We were discussing a possible change to our dossier literally as we posted the last blog update. Keith had been nagging me over the issue, and I was just as unwilling to change. While our dossier technically states an infant of either gender and a toddler girl, we specified further with our agency that we wanted a child no older than 2. Keith wanted to change our status to two kids up to 4 years old. This thought is terrifying for me.

I will admit on a daily basis that I’m not good with babies. They’re just not my thing, and I even had one. That’s not saying I don’t love kids. I just want to play, pretend, color, read books, etc. Although I seriously never ASK to hold babies, I do politely admire their cuteness when they’re forced into my arms. However, like most other people, I know the first 3 years are not only the foundation for family bonding but also the most important years in development. If I miss those years, what’s the point? Right?

When I’d had enough of Keith’s relentless badgering, I began scanning our adoption books for ammunition to use in our next discussion. I confidently picked up a book recommended by my best friend from high school who is now a child psychologist…and with patients who were internationally adopted...had warned us about adopting above a certain age. As I read through the table of contents, finding words like “therapies,” “attachment,” “institutionalization,” these chapters gave me hope for my case. Yet, I found nothing!!! On the contrary, the issues that would prevent attachment had more to do with a parent’s actions (voice, discipline method) than a child’s age at adoption. I quickly deemed that book useless and picked up another with the subtitle: 15 Things You Want to Know Before Adopting. Sounds like a warning to me. Nope. None there either. In all my digging I found research supporting the exact opposite of what I was after! Even interviews from parents said they preferred an older child to an infant because bonding and adapting was easier.

Later that day some friends were over for dinner. They have recently decided to adopt domestically, and we began discussing the issue of age. Obviously, the biggest need is with older children, as couples typically seek to adopt infants. In Ethiopia it is even greater because sibling groups can’t be separated. If a child isn’t adopted within a magical age window, he is stuck in the foster care system, along with any present or future siblings…unless couples are willing to adopt more than one child AND willing to accept older children.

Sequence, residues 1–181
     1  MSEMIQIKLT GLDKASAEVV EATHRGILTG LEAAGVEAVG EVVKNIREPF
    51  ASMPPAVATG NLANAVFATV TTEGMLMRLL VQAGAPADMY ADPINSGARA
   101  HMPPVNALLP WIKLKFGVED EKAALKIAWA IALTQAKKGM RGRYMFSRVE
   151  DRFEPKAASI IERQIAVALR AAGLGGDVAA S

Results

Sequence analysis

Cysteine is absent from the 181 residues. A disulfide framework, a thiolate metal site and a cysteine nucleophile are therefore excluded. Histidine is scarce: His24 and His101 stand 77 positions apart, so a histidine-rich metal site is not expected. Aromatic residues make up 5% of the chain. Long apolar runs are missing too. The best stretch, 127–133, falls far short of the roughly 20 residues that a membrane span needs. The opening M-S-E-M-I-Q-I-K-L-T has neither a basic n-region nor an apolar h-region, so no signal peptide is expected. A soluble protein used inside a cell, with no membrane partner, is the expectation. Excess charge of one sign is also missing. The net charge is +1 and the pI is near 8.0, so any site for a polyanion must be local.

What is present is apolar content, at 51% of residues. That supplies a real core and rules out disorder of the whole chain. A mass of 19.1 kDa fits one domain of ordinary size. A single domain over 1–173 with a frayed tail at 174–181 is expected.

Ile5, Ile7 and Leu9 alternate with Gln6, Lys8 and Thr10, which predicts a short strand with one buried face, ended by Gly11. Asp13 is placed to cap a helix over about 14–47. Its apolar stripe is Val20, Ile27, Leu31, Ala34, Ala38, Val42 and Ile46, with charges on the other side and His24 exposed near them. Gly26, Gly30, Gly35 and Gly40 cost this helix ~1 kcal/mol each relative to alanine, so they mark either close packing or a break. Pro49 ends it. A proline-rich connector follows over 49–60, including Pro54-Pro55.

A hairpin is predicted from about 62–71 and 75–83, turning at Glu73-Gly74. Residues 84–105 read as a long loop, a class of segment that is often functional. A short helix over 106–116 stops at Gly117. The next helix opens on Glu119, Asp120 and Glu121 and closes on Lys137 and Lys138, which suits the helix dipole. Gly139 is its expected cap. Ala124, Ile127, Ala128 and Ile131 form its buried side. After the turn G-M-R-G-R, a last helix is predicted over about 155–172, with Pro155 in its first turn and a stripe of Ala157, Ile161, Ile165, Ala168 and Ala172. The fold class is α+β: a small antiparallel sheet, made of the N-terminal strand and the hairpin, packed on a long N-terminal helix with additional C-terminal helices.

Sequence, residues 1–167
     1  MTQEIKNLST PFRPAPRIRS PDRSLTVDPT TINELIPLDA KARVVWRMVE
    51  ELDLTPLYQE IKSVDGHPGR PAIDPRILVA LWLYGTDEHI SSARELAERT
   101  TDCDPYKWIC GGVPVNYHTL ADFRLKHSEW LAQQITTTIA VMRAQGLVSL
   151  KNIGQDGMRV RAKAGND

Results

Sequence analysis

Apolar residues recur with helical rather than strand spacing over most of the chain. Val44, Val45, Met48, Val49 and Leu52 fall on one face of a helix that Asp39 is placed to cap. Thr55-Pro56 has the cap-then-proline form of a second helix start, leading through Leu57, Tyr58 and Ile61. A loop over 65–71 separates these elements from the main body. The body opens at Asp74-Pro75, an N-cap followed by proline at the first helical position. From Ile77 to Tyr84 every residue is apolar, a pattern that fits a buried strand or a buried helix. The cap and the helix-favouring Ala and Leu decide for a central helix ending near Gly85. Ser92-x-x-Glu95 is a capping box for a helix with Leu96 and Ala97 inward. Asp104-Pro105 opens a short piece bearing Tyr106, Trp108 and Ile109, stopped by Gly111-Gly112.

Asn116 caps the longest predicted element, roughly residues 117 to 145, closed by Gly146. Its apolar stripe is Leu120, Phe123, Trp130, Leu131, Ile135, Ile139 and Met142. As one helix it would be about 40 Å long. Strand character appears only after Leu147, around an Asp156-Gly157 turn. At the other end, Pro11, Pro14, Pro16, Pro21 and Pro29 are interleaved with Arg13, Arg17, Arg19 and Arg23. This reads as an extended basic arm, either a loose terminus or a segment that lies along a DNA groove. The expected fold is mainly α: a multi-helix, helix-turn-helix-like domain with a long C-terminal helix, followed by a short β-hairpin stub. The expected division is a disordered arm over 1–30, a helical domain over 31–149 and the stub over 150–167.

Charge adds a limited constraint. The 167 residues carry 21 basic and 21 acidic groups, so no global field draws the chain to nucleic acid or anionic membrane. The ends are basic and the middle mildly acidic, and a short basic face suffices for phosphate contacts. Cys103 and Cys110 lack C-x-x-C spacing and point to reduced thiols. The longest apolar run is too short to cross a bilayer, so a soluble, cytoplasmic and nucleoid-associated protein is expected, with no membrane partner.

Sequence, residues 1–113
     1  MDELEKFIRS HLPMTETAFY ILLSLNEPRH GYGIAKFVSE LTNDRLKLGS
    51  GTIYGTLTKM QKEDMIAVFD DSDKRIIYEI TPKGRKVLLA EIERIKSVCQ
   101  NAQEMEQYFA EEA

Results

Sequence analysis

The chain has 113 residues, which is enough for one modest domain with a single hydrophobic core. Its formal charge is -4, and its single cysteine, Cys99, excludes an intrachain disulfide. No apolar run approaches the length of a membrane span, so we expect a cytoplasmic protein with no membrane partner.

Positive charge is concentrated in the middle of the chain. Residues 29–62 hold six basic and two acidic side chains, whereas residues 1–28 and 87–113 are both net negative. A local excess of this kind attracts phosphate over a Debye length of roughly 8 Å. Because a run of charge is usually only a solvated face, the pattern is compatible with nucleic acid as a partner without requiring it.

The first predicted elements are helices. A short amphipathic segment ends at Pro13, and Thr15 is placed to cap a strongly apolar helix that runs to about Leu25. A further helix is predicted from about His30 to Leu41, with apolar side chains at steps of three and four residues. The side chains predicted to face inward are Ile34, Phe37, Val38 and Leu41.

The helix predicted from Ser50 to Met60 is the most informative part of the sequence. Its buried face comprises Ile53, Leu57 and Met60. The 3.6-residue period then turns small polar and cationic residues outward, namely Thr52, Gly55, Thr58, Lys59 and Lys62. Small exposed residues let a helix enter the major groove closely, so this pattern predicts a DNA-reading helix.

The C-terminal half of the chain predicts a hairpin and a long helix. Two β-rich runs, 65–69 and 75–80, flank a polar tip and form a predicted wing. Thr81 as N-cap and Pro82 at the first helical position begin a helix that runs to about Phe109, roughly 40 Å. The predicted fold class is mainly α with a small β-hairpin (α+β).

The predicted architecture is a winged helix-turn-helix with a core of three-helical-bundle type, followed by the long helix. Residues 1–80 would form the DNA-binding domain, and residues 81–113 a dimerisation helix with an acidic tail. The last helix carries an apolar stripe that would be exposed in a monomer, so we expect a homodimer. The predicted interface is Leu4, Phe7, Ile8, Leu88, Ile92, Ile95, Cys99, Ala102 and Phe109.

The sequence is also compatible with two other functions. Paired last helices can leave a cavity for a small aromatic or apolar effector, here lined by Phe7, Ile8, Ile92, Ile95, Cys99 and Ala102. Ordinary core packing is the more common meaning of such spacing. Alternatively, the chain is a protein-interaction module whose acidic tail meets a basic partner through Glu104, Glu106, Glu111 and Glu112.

For me, it comes down to a matter of selfishness. Why am I adopting in the first place? Who am I adopting for? We would just have more biological children if it were a matter of merely expanding our family. We (all of us) are called to care for orphans, live a life of suffering, model after Jesus, love others selflessly, and I could go on. If I refuse a child above an age because I think it would cause more work for me, this adoption is for and about only ME.

Today, Keith made a phone call to our agency to expand the criteria for our children. We are now waiting on a sibling pair birth to age 4, with no gender preference. I say this timidly, as I am petrified over this decision. It’s a good thing we have several months left to wait because God has a lot of work to do on me. I’ll be posting a list of specifics you can pray for.

I love how Russell Moore puts it in Adopted for Life: “What better opportunity for you to model the God who adopts from every tongue, tribe, nation, and language and sets all the children together at the same table with the same inheritance and the same love?” (p 107).